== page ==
I went back into the drinking and partying again and got up to 185 pounds, 30 pounds heavier than I am at race weight, says Robbins, who was slightly overweight through much of his childhood years before getting into shape on the ice with his high school hockey team.

His intended stay of six months in Banff turned into a year.

The more time I spent in the mountains, the more I fell in love with it.

After two years in Alberta, Robbins got the travel bug and took off for Australia and New Zealand for a year. Before leaving, he and some friends learned about Eco-Challenge, a multi-day adventure race in which teams of four race non-stop, 24 hours a day, over a rugged 300-mile course, participating in such disciplines as trekking, whitewater canoeing, horseback riding, sea kayaking, scuba diving, mountaineering and mountain biking.

The four of us made pact that we would do an Eco-Challenge one day, he recalls.

Then we sealed it by going out and getting drunk.

After his excursion down under, Robbins landed back in Banff, still partying, still drinking and still having a good time.

But the Eco-Challenge idea never left his mind.

I knew deep down inside it was something I was going to pursue at some point, and I did hold a bit of confidence that I would be good at it, even though I had no inkling as to how or why that would be.

A couple more years passed, as did his celebratory days, and Robbins found himself mountain biking through Central America, which proved to him that he was physically capable of something similar to Eco-Challenge, which had ended its run nine-year run in 2002.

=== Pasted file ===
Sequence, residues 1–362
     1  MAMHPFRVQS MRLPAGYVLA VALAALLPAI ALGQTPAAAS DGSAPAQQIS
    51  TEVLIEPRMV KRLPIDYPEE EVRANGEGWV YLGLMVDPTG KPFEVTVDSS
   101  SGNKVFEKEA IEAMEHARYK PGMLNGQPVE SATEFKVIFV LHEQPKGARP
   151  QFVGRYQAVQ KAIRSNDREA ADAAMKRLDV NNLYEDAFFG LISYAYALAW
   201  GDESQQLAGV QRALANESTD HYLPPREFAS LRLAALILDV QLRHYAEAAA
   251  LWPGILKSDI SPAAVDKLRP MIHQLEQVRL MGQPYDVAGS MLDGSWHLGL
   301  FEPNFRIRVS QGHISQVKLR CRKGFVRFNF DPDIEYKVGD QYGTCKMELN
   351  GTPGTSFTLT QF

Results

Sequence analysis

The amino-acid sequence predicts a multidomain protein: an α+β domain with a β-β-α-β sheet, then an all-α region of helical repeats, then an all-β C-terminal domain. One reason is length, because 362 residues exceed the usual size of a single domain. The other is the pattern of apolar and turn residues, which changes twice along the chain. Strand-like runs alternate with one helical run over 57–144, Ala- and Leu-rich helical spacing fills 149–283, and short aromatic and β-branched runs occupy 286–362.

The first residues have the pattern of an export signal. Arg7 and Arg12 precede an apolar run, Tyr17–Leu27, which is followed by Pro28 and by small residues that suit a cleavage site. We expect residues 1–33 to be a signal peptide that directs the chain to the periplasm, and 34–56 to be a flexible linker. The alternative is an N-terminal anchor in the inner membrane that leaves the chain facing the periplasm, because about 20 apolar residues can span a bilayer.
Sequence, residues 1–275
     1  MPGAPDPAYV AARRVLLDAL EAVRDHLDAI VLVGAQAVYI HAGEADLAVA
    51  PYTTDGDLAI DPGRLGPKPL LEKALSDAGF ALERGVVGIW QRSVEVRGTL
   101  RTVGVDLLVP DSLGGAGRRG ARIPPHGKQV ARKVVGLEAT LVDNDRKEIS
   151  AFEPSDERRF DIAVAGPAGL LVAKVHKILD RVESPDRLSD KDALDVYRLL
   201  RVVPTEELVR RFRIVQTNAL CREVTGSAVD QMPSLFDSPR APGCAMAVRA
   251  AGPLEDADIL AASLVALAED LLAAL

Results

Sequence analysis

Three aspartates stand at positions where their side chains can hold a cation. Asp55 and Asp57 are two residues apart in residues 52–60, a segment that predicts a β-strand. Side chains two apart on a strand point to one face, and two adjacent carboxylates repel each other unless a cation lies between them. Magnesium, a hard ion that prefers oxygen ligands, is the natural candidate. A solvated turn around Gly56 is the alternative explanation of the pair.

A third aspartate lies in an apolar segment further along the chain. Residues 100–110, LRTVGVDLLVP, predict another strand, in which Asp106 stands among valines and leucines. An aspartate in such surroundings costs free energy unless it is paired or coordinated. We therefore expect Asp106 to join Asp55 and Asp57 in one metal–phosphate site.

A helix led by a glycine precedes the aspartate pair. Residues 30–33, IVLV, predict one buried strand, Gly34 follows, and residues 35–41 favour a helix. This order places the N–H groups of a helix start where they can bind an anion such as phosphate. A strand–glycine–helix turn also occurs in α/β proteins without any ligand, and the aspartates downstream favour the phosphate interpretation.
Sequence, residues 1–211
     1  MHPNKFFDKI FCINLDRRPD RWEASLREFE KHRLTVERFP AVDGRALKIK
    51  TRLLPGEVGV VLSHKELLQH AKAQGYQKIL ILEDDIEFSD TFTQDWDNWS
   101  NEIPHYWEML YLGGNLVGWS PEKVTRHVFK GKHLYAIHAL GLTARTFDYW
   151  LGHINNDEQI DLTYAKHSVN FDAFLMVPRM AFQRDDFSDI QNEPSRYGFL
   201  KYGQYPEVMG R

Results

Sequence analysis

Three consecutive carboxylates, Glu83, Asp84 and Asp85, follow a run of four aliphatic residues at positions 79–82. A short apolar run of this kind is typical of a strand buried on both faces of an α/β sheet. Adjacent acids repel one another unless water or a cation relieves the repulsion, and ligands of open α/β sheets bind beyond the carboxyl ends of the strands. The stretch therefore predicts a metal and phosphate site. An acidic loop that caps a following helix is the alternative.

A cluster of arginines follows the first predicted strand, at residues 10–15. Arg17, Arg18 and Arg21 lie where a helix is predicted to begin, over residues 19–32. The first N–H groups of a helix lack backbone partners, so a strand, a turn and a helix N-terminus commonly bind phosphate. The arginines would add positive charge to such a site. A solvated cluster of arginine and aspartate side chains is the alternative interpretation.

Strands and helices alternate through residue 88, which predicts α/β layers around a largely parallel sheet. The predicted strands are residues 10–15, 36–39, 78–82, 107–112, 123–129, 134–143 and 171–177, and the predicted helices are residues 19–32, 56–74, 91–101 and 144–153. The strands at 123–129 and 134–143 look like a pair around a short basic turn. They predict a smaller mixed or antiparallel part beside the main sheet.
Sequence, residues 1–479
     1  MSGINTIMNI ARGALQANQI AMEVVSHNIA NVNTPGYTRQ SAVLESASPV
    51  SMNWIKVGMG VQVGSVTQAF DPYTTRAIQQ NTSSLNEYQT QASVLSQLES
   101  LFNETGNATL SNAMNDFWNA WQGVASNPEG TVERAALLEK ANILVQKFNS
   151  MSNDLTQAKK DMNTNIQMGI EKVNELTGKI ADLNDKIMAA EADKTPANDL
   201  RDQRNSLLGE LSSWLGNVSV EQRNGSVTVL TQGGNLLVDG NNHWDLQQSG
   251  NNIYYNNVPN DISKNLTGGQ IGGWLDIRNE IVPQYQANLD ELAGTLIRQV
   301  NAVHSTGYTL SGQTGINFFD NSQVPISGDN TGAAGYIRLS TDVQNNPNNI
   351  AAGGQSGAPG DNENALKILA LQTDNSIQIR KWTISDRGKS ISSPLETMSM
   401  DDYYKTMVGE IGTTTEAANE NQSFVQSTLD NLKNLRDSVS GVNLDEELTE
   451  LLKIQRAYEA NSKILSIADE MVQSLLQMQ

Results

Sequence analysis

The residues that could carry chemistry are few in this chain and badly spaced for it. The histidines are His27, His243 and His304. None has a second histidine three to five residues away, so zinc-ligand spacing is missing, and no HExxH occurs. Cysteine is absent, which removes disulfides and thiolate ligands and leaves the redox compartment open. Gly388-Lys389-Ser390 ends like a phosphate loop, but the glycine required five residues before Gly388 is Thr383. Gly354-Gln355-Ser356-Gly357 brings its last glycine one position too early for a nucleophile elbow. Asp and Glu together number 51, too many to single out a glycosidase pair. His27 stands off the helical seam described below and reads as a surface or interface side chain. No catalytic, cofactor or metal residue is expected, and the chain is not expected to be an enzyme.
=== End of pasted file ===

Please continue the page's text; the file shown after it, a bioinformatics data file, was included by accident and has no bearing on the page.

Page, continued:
After a move to Whistler, B.C. in 2004, Robbins decided to pursue the dream, and assembled a four-person co-ed team to compete in races in North America and abroad.

One such event was the 2006 Primal Quest Expedition Adventure Race in Moab, Utah, which went down as one of the most physically grueling events of its kind in the last decade. Moab, in the heart of the state's canyon strewn region southeast of Salt Lake City and west of Denver, was experiencing a heat wave at the time of the competition.

It was like being dropped in the middle of hell and then being told, 'the finish line is 700 kilometres ... good luck,' Robbins recounts. It was 45 degrees every day ... for nine straight days.

The next year, still hankering to tackle an Eco Challenge-style event, Robbins headed back to down under for the 800K XDP Australia, where his team finished their first race as a ranked team.

After spending much of 2008 focusing on 50 and 100-mile ultra-marathons - earning himself the distinction as Canadian Ultra-Runner of the Year by the national association - Robbins and his girlfriend, Tamsin Anstey, teamed up to tackle last summer's 180K Gore-Tex Trans-Rockies Run.

Six days staged, 22,000 feet of descent and 20,000 feet of climbing ... an elevation which is whole different ball game, explains Robbins.

Early on, Robbins experienced some difficulty breathing with occasional headaches, but Anstey fared far worse, experiencing severe gushing nose bleeds over the first few days, including one that lasted over half an hour.

She's tough as nails and was actually laughing through the whole process, Robbins reports of his girlfriend, a personal trainer.